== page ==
- Book debts as disclosed in the Statement of Affairs,
- Sale of office fittings and properties owned by the company,
- Call of unpaid capital, and
- Recovery of assets from dispositions made by the company.
Third stage: Adjudication of Claims and Distribution of Dividends
During the winding down of the company, creditors can file Proofs of Debt with the liquidator, who will then adjudicate and decide if the claim is to be admitted or rejected. If the claim is rejected – either in part, or in whole – the creditor can appeal to Court against the liquidator’s decision within 21 days of being rejected.
Proceeds from the realisation and sale of company’s assets would be first paid out to the following creditors in the following order of priority:
- Costs and expenses of winding up;
- Wages or salary of employees including allowance or reimbursement (not exceeding an amount equivalent to five month’s salary or S$12,500, whichever is less);
- Retrenchment benefits or ex gratia payments under employment contracts (not exceeding an amount equivalent to five month’s salary or S$12,500, whichever is less);
- Any sums for workmen’s compensation under the Work Injury Compensation Act accrued before, on or after the commencement of winding up;
- Contributions payable by the company as employer under any written law relating to employees’ superannuation or provident funds or under any scheme of superannuation which is an approved scheme under the Income Tax Act (Cap. 134) (e.g. Central Provident Fund etc);
- All remuneration payable to any employee in respect of vacation leave, accrued in respect of any period before, on or after the commencement of winding up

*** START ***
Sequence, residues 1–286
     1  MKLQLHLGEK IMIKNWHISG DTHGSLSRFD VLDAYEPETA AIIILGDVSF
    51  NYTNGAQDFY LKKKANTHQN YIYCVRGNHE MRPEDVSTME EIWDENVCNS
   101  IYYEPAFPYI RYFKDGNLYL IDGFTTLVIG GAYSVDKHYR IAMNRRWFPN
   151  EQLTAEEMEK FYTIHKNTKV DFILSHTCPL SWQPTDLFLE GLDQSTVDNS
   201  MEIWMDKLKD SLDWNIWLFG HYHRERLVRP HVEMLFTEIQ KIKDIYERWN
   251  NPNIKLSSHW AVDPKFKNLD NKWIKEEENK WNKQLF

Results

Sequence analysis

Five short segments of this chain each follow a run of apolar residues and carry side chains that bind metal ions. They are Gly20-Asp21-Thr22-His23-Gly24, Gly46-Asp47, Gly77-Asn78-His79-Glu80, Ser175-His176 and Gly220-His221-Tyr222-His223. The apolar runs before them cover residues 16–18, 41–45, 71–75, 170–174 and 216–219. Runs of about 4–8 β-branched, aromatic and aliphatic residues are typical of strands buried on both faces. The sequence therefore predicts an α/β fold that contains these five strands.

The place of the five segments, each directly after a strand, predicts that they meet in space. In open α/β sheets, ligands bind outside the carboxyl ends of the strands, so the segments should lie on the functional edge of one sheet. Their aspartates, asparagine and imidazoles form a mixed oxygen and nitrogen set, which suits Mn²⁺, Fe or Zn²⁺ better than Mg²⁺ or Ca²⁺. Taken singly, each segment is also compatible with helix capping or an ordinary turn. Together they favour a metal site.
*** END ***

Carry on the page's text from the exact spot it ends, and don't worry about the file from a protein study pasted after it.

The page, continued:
- All tax assessed under any written law before the commencement of the winding up or assessed at any time before the time fixed for the proving of debts has expired
Once all preferential claims have been paid in full, the balance proceeds is distributed to all ordinary creditors. Any remaining sums after paying creditors will then be returned as capital repayments to the members, subject to the Court’s approval. The shareholders are paid in proportion to their respective interests in the company’s share capital.
Fourth stage: Release as liquidator and dissolution of company
Once all the assets have been liquidated, the liquidator will serve notice to creditors and contributories of his/her intention to apply for release and for the company to be dissolved, along with a summary of receipts and payments. The liquidator will then apply to the Court for the company to be dissolved – which will then release the liquidator from all liability related to his/her conduct in the course of winding up the company.
Any assets that were not realised prior to dissolution of the company will vest with the Official Receiver under Section 346 of the Companies Act (Cap 50). The Official Receiver may deal with these assets in any manner as he sees fit including selling the property.
 References to equivalent provisions of the Insolvency, Restructuring and Dissolution Act 2018 are expected to replace references to provisions of the Companies Act (Cap. 50) by the first half of 2019
 Once the Insolvency, Restructuring and Dissolution Act 2018 comes into force, a person will not be able to act as a liquidator of a corporation unless duly licensed as an insolvency practitioner
 Once the Insolvency, Restructuring and Dissolution Act 2018 comes into force, a person will not be able to act as a liquidator of a corporation unless duly licensed as an insolvency practitioner (and references to “approved liquidator” will be replaced accordingly with “insolvency practitioner”)
Have any questions?
If you have any questions about winding up your business, you can request for a quote with Sim Lin Piah or other lawyers. With Quick Consult, from a transparent, flat fee from $49, a lawyer will call you on the phone within 1-2 days to give you legal advice.
This article does not constitute legal advice or a legal opinion on any matter discussed and, accordingly, it should not be relied upon. It should not be regarded as a comprehensive statement of the law and practice in this area. If you require any advice or information, please speak to practicing lawyer in your jurisdiction. No individual who is a member, partner, shareholder or consultant of, in or to any constituent part of Interstellar Group Pte. Ltd. accepts or assumes responsibility, or has any liability, to any person in respect of this article.